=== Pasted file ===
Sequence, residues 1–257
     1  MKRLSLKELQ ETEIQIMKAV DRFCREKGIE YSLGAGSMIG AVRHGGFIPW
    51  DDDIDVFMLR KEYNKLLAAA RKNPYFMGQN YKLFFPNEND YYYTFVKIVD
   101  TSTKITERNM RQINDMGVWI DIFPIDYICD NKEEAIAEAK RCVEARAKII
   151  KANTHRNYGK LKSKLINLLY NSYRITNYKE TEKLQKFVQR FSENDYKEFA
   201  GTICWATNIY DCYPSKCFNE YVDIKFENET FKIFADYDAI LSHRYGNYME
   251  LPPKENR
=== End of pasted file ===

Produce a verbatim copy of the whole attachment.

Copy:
Sequence, residues 1–257
     1  MKRLSLKELQ ETEIQIMKAV DRFCREKGIE YSLGAGSMIG AVRHGGFIPW
    51  DDDIDVFMLR KEYNKLLAAA RKNPYFMGQN YKLFFPNEND YYYTFVKIVD
   101  TSTKITERNM RQINDMGVWI DIFPIDYICD NKEEAIAEAK RCVEARAKII
   151  KANTHRNYGK LKSKLINLLY NSYRITNYKE TEKLQKFVQR FSENDYKEFA
   201  GTICWATNIY DCYPSKCFNE YVDIKFENET FKIFADYDAI LSHRYGNYME
   251  LPPKENR